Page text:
The right-wing street rallies that have erupted across the South have largely focused on white supremacy and symbols of the Confederacy, but scratch the surface and you’ll also find opposition to environmental laws and public lands such as national forests and parks.The Sagebrush Rebellion, a loosely confederated political coalition that’s been around since the 1970s, opposes any public lands owned by the federal government. The Sagebrush movement saw a new push into the mainstream with the 2014 standoff at Cliven Bundy’s Nevada ranch, and again in 2016 when Bundy’s sons led the 40-day occupation of Malheur National Wildlife Refuge in Oregon. The Malheur incident set off a revival, with militias joining in to take part and show support there.Groups from the South participated in the standoffs out West, and now some of them have brought that ideology back to Eastern public lands. Those groups include the Oath Keepers, a group of current and former military and law enforcement members that claims membership of about 30,000, and the Three Percent United Patriots.“There’s no reason the federal government should own any land,” said John Pruitt, Virginia leader of the Three Percent United Patriots. “When you let the federal government own something in a state, now they have leverage over you. When they pass our laws and say, ‘Believe what we believe or we’re not going to give you money for roads or lands,’ you become a slave to the federal government. The federal government has a role to play in our nation, but it’s growing into a monster, and if we’re not getting involved, it’s going to devour us.”Sagebrush ideology and Confederate iconography both are touchpoints in militia culture, linked by their common ties to anti-federal sentiment. In western Virginia, members of the Three Percent hold an annual Confederate flag ride. The 2016 edition of the ride, known as “Rebel-lution,” was attended by Jeanette Finicum, the widow of LaVoy Finicum, a militia member who was killed at Malheur.Ryan Lenz, senior writer for the Southern Poverty Law Center’s Intelligence Project, says the anti-government Sagebrush Rebellion has a “long history of turning environmental and land-use issues into a rallying point for recruiting.”One of the forerunners of the Sagebrush Rebellion was a militia known as the Posse Comitatus, which formed in the late ’60s, refusing to recognize any authority above the county level. From the beginning, its core members also were involved with Christian Identity, a racist and anti-Semitic sect based around white supremacy.James Corcoran, an associate professor at Simmons College who has written two books about the militia movement, says there typically are three elements to a militia or patriot group: an ideological focus such as opposing the federal government or public lands or upholding white supremacy; the militaristic aspect of drilling and openly carrying arms; and a religious element based around protecting Christianity.“There’s the idea that big government is taking out land from us,” explains Corcoran. “You also have the cultural component, that the intellectuals are ruling us from Washington. There’s the perception that people are trying to take away guns and land and get rid of white Christian America.”The Sagebrush Rebellion’s anti-government, anti-public lands sentiment is especially prevalent in areas with a lot of national parks and forests. Eighty percent of North Carolina’s Swain County, for example, is owned by the National Park Service, the U.S. Forest Service, the Tennessee Valley Authority, and a Cherokee Indian reservation.A 1981 New York Times story looking at whether the early Sagebrush movement might go East included this: “County residents reportedly have set fire to land in the Great Smokies as a way of harassing the Park Service. Like their angry counterparts in the West, Swain County residents talk about wanting to turn Park and Forest Service land over to state or private ownership.”The same story also reported opposition to public lands protection from residents of West Virginia’s Randolph County, about a quarter of which is national forest. Recently, twelve counties in Western North Carolina have passed anti-wilderness resolutions as part of the ongoing Pisgah-Nantahala National Forest management planning process.Ironically, many militia and Sagebrush groups use public lands for gatherings. White supremacist and militia meetings have taken place at Tennessee’s Norris Dam State Park, Fall Creek Falls State Park, Davey Crockett State Park, and Cumberland Mountain State Park. One group, American Renaissance, which according to the SPLC “promotes pseudo-scientific studies and research that purport to show the inferiority of blacks to whites,” has booked facilities at Tennessee’s Montgomery Bell State Park for six years in a row.Mike Robertson, director of operations for Tennessee State Parks, said the agency is obligated to provide for public access to parkland regardless of ideology, while also providing opportunities for protesters to voice their opposition.Public lands are already under assault by the Trump Administration, which has rolled back protections and designations for national monuments. Sagebrush groups in the South—often allied with hunting organizations and state agencies—are aiming to increase privatization of public lands, especially national forests like the Pisgah-Nantahala, whose management plan is being re-written this year.So far, Sagebrush Rebellion groups are doing what many comfortable conservationists and outdoor enthusiasts have not: getting actively and personally involved in the public lands fight.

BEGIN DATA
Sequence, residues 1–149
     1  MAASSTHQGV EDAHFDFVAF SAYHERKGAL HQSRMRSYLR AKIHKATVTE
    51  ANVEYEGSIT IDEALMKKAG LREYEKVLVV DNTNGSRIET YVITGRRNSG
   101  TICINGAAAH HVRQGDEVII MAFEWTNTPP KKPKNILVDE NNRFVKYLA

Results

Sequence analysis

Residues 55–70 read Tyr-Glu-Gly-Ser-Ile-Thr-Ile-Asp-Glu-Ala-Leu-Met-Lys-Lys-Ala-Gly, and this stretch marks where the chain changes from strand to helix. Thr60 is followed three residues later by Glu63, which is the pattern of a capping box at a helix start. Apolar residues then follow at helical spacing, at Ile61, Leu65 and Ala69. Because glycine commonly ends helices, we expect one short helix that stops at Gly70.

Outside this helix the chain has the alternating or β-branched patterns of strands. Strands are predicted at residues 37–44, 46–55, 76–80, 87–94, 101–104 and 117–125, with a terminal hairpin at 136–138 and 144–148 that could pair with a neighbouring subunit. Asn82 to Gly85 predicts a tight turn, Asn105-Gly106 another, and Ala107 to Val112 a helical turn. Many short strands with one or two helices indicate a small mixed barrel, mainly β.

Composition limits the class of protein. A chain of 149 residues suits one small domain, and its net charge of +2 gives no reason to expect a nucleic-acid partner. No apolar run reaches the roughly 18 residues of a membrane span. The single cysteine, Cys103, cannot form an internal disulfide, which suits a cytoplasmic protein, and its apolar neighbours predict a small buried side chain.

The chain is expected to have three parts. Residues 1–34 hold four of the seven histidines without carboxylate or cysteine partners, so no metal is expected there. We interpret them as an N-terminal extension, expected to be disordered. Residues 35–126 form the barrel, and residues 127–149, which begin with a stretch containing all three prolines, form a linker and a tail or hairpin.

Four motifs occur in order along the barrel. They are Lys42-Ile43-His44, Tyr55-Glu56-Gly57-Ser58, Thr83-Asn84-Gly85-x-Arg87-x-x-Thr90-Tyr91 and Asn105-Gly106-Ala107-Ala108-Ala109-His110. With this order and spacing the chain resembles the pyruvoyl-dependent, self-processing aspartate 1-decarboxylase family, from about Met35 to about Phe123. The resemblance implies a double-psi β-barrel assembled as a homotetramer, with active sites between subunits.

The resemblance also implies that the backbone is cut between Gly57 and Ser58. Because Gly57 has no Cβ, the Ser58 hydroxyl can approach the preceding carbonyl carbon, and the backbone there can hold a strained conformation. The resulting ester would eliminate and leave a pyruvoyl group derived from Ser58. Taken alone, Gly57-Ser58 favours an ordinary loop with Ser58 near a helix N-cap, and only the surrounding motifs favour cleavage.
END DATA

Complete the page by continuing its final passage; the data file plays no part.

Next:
A trio of Local Government Pension Schemes (LGPS) have pledged to align their investment portfolios with the goals of the Paris Climate agreement.The pension funds for Merseyside, Islington, and the Environment Agency – which run more than £13.5bn (€15.4bn) between them – were joined by the Brunel Pension Partnership, one of the LGPS asset pools. The funds said they would work to increase their allocations to low-carbon investments such as sustainable infrastructure, and reduce their exposure to carbon-intensive assets.Paul Doughty, chair of Merseyside Pension Fund, said his scheme would shift a third of its passive UK and US equity allocation to low-carbon benchmarks by the end of the year. “We also plan to continue to increase our significant investment in infrastructure, with an expected £250m investment in renewables by 2020,” he added. Some investors are reducing their exposure to industries that produce carbon as a byproduct LGPS funds are aiming to put more money into renewable energyIslington Pension Fund chairman David Poyser said his scheme had cut its passive portfolio’s carbon footprint by 45% and would seek to carry out similar reductions in other areas.The Environment Agency Pension Fund has been a leading global advocate of sustainable investing for more than a decade, and Brunel has embraced this effort since setting up last year. Several former Environment Agency staff now hold senior positions at the pool. The investors worked with campaign group ShareAction on the announcement, which was made during Green GB week.ShareAction said the moves were “all the more urgent” given the findings of the Intergovernmental Panel on Climate Change, which reported last week that limiting global warming to 1.5°C above pre-industrial levels “would require rapid, far-reaching and unprecedented changes in all aspects of society” over the next 12 years. Claire PerryClaire Perry, UK minister for energy and clean growth, said: “The UK has led the world in cutting emissions whilst growing our economy, with clean growth driving incredible innovation and creating hundreds of thousands of high quality jobs.“Ten years on from the Climate Change Act, the first ever Green GB week is a time to build on our successes and explain the huge opportunities for business and young people of a cleaner economy. “I’m delighted to see how many more businesses and organisations such as ShareAction are seizing this multi-billion pound opportunity to energise their communities to tackle the very serious threat of climate change.” Brunel has been set up to run £28.9bn of assets on behalf of 10 LGPS funds, including the Environment Agency.